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Chapter

Cover Public Law Directions

4. How the UK is organised  

This chapter details how power is allocated in the UK, and its organisation in terms of devolution and regional and local government. Power in the UK is divided into three branches or arms of state: legislature (law-makers), executive (government and administration), and judiciary (courts and judges). Before devolution, the government’s (executive’s) administrative power was centralised and it extended to the whole of the UK, but devolution has made significant changes to the constitution and has brought a substantial rebalancing of power in the government of the UK. Since devolution’s introduction, the power of central government no longer extends to the growing areas of domestic policy that have been devolved to Scotland, Wales, and Northern Ireland. The UK government’s remit therefore now covers England and the whole of the UK on non-devolved matters including the conduct of foreign affairs, defence, national security, and oversight of the Civil Service and government agencies.

Chapter

Cover Public Law

7. Central government  

This chapter examines the structure and role of central government, with the latter part focusing on the key constitutional requirement that the government is accountable to the people through Parliament, reflecting the democratic nature of the constitution. The phrase ‘central government’ refers to the Prime Minister, Cabinet, ministers, government departments, and civil servants. Informally, these parts of central government are often referred to as ‘Whitehall’, reflecting how most government departments and the Prime Minister are based around that area of central London close to Westminster. A more constitutionally appropriate phrase is the ‘executive’. However, this term can also be taken to mean other elements which include the governments of Scotland, Northern Ireland, and Wales, as well as local government and organizations such as the police.

Chapter

Cover Public Law Directions

12. The executive  

This chapter discusses the executive, the administrative branch of government which creates and executes policy, and implements laws. It specifically focuses on the organisation of central government in the UK. Central government in the UK carries out day-to-day administration in relation to England and the whole of the UK on non-devolved matters. Its functions include the conduct of foreign affairs, defence, national security, and oversight of the Civil Service and government agencies. Central government essentially consists of the government and Civil Service but modern government is extensive, multi-layered, and complex. The chapter then studies the sources of ministerial power. Ministers’ legal authority to act can derive from statute, common law, or royal prerogative. The royal prerogative is a source of power which is ‘only available for a case not covered by statute’.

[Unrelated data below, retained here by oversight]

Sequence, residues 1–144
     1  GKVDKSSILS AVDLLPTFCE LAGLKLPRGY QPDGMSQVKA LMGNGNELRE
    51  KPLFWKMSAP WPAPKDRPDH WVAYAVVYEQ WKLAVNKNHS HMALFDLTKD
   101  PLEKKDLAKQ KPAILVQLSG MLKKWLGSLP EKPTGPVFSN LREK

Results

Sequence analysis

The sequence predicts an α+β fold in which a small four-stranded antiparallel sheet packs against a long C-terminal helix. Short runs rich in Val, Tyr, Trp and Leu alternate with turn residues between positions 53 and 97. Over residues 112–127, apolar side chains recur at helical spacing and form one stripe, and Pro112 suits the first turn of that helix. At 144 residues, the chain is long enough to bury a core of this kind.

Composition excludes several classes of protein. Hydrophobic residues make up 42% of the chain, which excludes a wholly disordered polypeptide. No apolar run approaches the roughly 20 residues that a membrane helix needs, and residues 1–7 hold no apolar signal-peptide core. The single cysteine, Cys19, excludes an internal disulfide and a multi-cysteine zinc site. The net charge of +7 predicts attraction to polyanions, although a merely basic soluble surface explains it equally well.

Chapter

Cover Administrative Law

5. Retention of Discretion  

Mark Elliott and Jason Varuhas

This chapter discusses the principles of administrative law which require decision-makers to retain the discretion which they are granted. It first considers the question of delegation of discretionary powers as well as the non-delegation principle before explaining the nature of delegation. It then examines the courts' approach with respect to departmental decision-making in central government and how far the discretionary freedom of the decision-maker designated by statute may be constrained by delegation and the adoption of policies. It also shows why it is often desirable or even necessary for decision-makers to exercise their discretion in line with a policy or a set of criteria. Finally, it looks at judicial moves towards ensuring that exercise of discretion is structured and legally constrained by publicly available policy. A number of relevant cases are cited throughout the chapter, including Barnard v. National Dock Labour Board [1953] 2 QB 18.